Doth John Brennan Protest Too Much About the Leaking of Classified Information in this Interview?

Former CIA director and Obama factotum John Brennan was on “Face the Nation” Sunday. It all starts innocently  enough:


DICKERSON: We talked to House Intelligence Chairman Devin Nunes last week. And I want to play something that he said and get your reaction to it.


REP. DEVIN NUNES (R), CALIFORNIA: What we have is, we do have people in the last administration, people who are burrowed in, perhaps all throughout the government, who clearly are leaking to the press.


DICKERSON: So, what is your reaction to that? We were talking about leads of sensitive information from Obama administration officials.

BRENNAN: Well, I think it is very unhelpful to make allegations about who is responsible for these leaks.

And I think we have to distinguish between leaks of classified information, which is against the law, and leaks of discussions that ought to be taking place within the administration.

And as far as leaks of classified information are concerned, I agree that they are appalling and they need to be investigated, they need to stop, because the impact on our collection systems and our capabilities can be grave.

So, I do think it is important to be able to stop those leaks. But the information can be coming from any number of quarters, whether it be intelligence community, White House, Congress, because a lot of people have access to this information.

DICKERSON: One of the things that Chairman Nunes said is that, particularly with respect to National Security Adviser Michael Flynn, he said there is no one way anybody would know about phone conversations he had with the Russian ambassador unless they were at the very highest levels of a previous administration, and that that is why he was pointing to previous administration officials.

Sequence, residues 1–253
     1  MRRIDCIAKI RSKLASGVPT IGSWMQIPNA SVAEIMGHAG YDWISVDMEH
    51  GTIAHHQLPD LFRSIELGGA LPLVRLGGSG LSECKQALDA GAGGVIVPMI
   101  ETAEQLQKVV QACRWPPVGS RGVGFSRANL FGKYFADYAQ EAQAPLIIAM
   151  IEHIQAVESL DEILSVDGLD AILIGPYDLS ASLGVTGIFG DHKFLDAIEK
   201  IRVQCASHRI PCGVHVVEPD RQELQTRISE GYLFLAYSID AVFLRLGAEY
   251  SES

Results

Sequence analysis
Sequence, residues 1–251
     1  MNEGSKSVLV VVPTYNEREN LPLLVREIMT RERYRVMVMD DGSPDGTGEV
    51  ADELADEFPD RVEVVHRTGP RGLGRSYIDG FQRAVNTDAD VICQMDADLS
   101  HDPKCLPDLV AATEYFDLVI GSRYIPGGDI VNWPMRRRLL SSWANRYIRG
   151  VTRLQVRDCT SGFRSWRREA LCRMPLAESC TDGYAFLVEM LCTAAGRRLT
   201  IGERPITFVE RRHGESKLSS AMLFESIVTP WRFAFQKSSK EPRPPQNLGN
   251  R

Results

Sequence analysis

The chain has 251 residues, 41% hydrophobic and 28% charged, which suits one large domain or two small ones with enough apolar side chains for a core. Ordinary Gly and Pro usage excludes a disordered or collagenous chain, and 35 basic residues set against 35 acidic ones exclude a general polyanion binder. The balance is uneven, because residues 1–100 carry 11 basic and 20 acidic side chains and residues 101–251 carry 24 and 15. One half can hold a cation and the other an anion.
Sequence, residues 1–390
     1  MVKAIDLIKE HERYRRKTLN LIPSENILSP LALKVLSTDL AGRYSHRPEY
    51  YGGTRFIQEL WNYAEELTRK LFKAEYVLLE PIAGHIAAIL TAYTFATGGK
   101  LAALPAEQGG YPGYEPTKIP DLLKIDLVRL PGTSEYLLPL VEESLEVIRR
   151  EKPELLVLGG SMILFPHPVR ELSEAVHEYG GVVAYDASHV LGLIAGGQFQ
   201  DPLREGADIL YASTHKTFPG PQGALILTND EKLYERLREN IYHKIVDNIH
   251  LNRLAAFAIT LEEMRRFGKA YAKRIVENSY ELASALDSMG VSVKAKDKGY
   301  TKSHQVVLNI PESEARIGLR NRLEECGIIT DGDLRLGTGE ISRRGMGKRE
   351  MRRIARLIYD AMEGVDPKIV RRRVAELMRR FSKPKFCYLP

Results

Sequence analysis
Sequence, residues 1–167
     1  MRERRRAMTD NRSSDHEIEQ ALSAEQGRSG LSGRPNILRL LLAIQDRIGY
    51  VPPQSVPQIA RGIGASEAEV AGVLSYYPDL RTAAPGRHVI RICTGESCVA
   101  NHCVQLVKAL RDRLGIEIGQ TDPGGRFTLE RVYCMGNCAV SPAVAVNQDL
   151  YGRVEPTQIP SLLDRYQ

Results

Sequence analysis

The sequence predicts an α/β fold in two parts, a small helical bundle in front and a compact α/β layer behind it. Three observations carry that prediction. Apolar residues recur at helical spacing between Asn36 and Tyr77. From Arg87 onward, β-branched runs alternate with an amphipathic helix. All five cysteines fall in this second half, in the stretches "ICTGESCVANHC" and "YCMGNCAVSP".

Does that make sense to you?

BRENNAN: Well, again, until there is an investigation in terms of who had access to this information, how it might have been shared, beyond that — the senior most circle of individuals, I do think it is premature to be pointing fingers at anybody, whether in this administration or the previous administration, who may have been responsible for those leaks.


Hardly premature. Most of the articles that have contained classified material have been attributed to “former officials.” That, right there, tells you Representative Nunes is right. This stuff is being put out by Obama staff who were just leaving and still had contacts in the various agencies or by Obama staffers who had been held over for a short time, for instance, the Obama political appointee who claimed he was career CIA and couldn’t stomach working for the Trump administration. And we know Ben Rhodes boasted of forming a resistance. We know The Atlantic has covered this campaign of leaks.

From there Dickerson moves to the travel ban and Brennan explains why he thinks it is a bad idea. Then we come to something that just makes you stop and pay attention.

DICKERSON: You know, you are here speaking to us on the record, but I should ask you, have you talked to anybody in the press since leaving?

BRENNAN: No, I have not. You are the first one that I have talked to in the press.

DICKERSON: Meaning on, off the record, or any of that?

BRENNAN: That is correct, yes.

Dickerson then tries to move on to the next subject but Brennan insists on staying on the subject of him being a potential leaker:

DICKERSON: Let’s go to North Korea.

BRENNAN: Which is why, as people point fingers about leaks, I certainly welcome that investigation to stop those leaks, because they shouldn’t be taking place. And anybody who thinks I’m responsible for that is dead wrong.


Back in junior high we had a saying: “he who smelt it dealt it.” This meant that when someone broke a particularly foul wind you could invariably identify the culprit as the first person who complained of the stench. We know for a fact that Brennan is shading the truth here because he used his former deputy chief of staff to release a press statement blasting Trump over his speech at CIA headquarters. So even though he hasn’t personally talked to the press since January 21, if we believe him and there is really no reason to do so, we can be assured he has been playing with the press via cut outs.

Moreover, his denial is pointedly focused on “since leaving.” The biggest leaks that anyone is talking about are the leak of a CIA authored report claiming that the Russians intervened in the election to help Trump and he leak of Mike Flynn’s contacts with the Russian ambassador. All of those happened before January 20.

Why would Brennan deny that he’s a leaker? Why would he do it via a question he obviously asked Dickerson to ask? Why would he elaborate on his denial? Most likely because someone is getting ready to run a story fingering him as the leaker and he’s trying to tamp it down. And most likely because he’s as guilty as hell.



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